Anthony James Lockett v. The State of Texas--Appeal from 140th District Court of Lubbock County (per curiam)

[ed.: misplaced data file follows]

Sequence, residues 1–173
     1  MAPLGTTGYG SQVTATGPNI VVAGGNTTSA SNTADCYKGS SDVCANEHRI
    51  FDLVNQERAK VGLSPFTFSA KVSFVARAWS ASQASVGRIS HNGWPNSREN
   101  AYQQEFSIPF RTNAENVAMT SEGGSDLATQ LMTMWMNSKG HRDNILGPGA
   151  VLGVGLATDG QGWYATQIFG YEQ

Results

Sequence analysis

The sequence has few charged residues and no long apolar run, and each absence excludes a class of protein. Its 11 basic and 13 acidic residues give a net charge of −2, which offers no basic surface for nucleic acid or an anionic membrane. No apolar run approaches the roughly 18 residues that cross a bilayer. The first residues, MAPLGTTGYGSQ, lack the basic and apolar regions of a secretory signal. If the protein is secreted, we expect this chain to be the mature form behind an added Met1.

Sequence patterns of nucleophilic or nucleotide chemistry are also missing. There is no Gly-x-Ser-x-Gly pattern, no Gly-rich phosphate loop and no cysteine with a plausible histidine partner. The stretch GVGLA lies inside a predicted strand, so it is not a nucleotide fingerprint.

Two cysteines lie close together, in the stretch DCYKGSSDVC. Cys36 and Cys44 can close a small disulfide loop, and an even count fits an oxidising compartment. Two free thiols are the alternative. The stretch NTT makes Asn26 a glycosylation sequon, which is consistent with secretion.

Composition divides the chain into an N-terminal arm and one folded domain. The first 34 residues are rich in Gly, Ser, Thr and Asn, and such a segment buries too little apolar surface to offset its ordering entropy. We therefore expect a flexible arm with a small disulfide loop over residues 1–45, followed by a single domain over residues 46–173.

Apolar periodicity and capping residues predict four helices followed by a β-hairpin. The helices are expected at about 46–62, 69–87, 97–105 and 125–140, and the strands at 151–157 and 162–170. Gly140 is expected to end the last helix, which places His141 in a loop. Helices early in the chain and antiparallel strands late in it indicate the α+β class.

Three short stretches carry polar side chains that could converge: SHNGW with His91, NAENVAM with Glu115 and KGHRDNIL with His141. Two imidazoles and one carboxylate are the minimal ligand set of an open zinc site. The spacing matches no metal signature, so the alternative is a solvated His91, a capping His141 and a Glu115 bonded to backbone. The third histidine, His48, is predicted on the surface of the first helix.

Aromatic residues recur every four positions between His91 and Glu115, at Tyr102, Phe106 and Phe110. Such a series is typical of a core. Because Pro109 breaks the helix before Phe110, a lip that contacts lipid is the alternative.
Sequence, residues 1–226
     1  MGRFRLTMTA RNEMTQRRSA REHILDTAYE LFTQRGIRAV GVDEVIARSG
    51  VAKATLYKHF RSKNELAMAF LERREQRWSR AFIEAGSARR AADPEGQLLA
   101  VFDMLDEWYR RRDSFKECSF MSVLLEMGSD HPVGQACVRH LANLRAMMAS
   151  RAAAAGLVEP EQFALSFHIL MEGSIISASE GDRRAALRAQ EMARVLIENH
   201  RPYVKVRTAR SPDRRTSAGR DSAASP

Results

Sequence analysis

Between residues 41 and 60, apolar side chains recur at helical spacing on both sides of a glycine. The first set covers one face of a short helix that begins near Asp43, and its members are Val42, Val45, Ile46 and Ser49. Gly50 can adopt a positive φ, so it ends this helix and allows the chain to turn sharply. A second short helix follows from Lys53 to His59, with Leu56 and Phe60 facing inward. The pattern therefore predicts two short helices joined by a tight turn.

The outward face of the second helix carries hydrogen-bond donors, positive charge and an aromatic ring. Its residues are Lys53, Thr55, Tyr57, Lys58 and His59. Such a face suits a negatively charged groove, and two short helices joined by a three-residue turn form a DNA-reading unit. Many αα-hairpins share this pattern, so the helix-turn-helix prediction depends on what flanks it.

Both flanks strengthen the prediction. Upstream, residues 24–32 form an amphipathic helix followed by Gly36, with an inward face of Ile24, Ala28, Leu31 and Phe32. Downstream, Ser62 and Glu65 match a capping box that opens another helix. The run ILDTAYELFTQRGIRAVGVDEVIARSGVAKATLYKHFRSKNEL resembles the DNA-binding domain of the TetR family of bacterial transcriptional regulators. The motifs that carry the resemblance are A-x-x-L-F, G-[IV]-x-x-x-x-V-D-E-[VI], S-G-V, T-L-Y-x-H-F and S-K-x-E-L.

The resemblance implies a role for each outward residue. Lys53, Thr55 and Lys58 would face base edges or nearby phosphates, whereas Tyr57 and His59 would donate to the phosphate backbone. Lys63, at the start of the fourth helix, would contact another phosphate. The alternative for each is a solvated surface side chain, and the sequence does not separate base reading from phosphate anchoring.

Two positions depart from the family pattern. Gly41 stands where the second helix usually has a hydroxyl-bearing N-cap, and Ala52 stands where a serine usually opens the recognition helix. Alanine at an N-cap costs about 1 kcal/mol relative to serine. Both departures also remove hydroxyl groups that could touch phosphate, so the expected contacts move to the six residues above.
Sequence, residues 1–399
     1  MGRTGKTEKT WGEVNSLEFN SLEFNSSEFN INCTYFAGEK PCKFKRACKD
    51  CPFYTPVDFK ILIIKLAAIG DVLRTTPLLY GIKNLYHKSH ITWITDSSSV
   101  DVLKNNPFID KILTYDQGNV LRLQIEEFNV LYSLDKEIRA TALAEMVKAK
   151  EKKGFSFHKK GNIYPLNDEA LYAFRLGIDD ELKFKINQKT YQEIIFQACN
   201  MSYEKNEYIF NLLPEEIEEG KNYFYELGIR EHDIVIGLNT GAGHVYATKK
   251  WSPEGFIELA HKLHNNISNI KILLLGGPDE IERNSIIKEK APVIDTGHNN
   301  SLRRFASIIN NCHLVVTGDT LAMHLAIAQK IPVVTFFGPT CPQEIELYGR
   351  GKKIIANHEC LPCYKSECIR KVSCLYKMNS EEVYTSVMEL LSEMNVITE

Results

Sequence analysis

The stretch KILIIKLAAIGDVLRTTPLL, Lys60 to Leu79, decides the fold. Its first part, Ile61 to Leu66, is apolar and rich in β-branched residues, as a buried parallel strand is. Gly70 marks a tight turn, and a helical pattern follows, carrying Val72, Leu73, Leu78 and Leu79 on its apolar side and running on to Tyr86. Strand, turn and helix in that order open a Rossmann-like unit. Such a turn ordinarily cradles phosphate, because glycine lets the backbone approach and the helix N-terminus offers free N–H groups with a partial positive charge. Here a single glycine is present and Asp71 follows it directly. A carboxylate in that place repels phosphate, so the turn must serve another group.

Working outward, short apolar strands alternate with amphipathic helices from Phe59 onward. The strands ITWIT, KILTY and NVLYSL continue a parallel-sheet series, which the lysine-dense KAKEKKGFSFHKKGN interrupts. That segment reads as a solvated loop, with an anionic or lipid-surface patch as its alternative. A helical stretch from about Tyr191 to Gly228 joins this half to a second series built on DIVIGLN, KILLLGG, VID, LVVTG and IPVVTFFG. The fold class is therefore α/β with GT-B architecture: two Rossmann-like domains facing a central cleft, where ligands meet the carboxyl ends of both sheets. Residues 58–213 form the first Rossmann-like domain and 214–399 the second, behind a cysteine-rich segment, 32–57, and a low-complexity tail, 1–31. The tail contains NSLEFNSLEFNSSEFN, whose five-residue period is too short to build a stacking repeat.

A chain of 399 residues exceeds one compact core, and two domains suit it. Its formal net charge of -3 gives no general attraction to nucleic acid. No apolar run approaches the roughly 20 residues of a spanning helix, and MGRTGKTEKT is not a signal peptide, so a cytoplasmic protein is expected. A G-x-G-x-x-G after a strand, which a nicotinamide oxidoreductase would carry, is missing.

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NO. 07-11-0212-CR IN THE COURT OF APPEALS FOR THE SEVENTH DISTRICT OF TEXAS AT AMARILLO PANEL C APRIL 10, 2012 ANTHONY LOCKETT, Appellant v. THE STATE OF TEXAS, Appellee _____________________________ FROM THE 140TH DISTRICT COURT OF LUBBOCK COUNTY; NO. 2009-422,947; HONORABLE JIM BOB DARNELL, PRESIDING Memorandum Opinion Before QUINN, C.J., and HANCOCK and PIRTLE, JJ. Anthony Lockett challenges the sufficiency of the evidence to support his conviction of possession of cocaine in an amount of four grams or more but less than two hundred grams. He claims that the evidence of his flight from the scene where a bag of cocaine was found does not show that he knew of the drug s existence. We affirm the judgment. We review challenges to the sufficiency of the evidence under the standard discussed in Brooks v. State, 323 S.W.3d 893 (Tex. Crim. App. 2010). To prove possession of a controlled substance, the State must show that the person exercised actual care, control, or custody of the substance and knew the matter was contraband. Poindexter v. State, 153 S.W.3d 402, 405 (Tex. Crim. App. 2005). Here, there was evidence that appellant and another person were in a vehicle which a law enforcement officer attempted to stop for failing to have a front license plate. Appellant, who was the driver of the vehicle, fled from the officer in the vehicle and, after crashing it, fled on foot. Subsequent to appellant s capture, a bag of cocaine was found on the hood of the vehicle. The other person in the vehicle was not found. Appellant contends that his presence and flight from the scene is not sufficient to show that he knew his passenger Pookie possessed cocaine.1 The following factors have been found useful in determining whether knowledge of the possession of a controlled substance exist: 1) the accused was present when the search was conducted, 2) the contraband was plainly visible to those present, 3) the drugs were near the defendant, 4) the defendant was under the influence of the substance found, 5) the defendant possessed other contraband or drug paraphernalia when arrested, 6) the defendant made incriminating statements, 7) the defendant attempted to flee, 8) the defendant made furtive gestures, 9) the contraband emitted a recognizable odor at the time, 10) the defendant had the right to exclusive or joint possession of the locale at which the drugs were found, 11) the place where the drugs were found was enclosed, 12) the accused attempted to conceal the contraband, and 13) the accused was familiar with the type of contraband involved. Kyte v. State, 944 1 The jury was permitted to find appellant guilty by acting alone or with the intent to promote or assist the commission of the offense by Pookie. 2 S.W.2d 29, 31 (Tex. App. Texarkana 1997, no pet.); Hurtado v. State, 881 S.W.2d 738, 743 n.1 (Tex. App. Houston [1st Dist.] 1994, pet. ref d). The number of factors present is not as important as the degree to which they tend to link the defendant to the contraband. Wallace v. State, 932 S.W.2d 519, 524 (Tex. App. Tyler 1995, pet. ref d). Although appellant s flight from law enforcement when he was only being stopped for failing to have a front license plate is a significant factor supporting appellant s guilt,2 it is not the only one. There was evidence that the cocaine could not have been on top of the vehicle during the chase, meaning that someone put it there after the vehicle chase ended with that someone most likely being appellant or Pookie. It is also a reasonable inference that prior to the placement of the cocaine on the hood of the car, it was in the enclosed vehicle with appellant and Pookie. Additionally, there was evidence of jail telephone calls between appellant and Pookie after appellant s arrest in which appellant asked Pookie what he had done with the substance and appellant conceded he would plead guilty if he received a plea offer satisfactory to him.3 This is some evidence from which a rational jury could find beyond a reasonable doubt that appellant was in possession of the cocaine or assisted Pookie in doing so rendering the evidence legally sufficient. 2 Appellant argues that his flight may have been occasioned by his knowledge that he did not have a front license plate as opposed to his knowledge of the cocaine. He also argues that he did not know that Pookie had the cocaine in the car until sometime after his arrest. Those determinations were for the jury to make, and we will not disturb its decisions on appeal. 3 No plea offer was pending from the State at that time. 3 Accordingly, the judgment is affirmed. Per Curiam Do not publish. 4